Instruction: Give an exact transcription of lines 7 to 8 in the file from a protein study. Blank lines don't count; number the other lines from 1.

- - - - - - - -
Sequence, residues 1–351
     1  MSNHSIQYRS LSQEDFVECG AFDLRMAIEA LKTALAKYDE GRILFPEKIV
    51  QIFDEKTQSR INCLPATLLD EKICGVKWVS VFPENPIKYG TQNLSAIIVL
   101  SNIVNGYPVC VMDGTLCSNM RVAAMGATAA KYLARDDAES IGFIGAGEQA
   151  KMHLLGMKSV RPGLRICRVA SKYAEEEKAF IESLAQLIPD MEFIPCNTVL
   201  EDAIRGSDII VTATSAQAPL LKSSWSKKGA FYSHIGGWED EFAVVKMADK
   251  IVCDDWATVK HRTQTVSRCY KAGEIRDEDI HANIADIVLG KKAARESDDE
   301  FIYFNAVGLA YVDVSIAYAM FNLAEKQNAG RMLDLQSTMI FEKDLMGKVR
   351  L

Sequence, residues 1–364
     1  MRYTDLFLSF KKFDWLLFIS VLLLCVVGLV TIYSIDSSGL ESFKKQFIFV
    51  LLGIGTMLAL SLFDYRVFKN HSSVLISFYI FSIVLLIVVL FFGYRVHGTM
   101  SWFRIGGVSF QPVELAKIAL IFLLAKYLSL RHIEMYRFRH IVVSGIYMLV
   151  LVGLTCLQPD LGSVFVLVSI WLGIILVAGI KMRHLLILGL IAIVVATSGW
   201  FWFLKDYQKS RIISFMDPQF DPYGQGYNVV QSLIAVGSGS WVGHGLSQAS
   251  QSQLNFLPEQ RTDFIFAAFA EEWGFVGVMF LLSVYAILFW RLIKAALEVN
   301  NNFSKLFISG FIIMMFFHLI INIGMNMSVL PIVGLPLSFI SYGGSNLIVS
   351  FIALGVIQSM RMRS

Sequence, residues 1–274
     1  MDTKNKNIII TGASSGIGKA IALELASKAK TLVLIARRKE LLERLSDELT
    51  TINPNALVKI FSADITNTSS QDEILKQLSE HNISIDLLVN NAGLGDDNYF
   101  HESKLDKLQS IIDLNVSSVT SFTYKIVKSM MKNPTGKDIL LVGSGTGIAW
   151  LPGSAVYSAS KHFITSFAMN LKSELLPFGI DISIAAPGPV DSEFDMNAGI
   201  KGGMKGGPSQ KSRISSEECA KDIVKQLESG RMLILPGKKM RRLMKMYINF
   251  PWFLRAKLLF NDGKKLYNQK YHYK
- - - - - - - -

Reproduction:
   251  IVCDDWATVK HRTQTVSRCY KAGEIRDEDI HANIADIVLG KKAARESDDE
   301  FIYFNAVGLA YVDVSIAYAM FNLAEKQNAG RMLDLQSTMI FEKDLMGKVR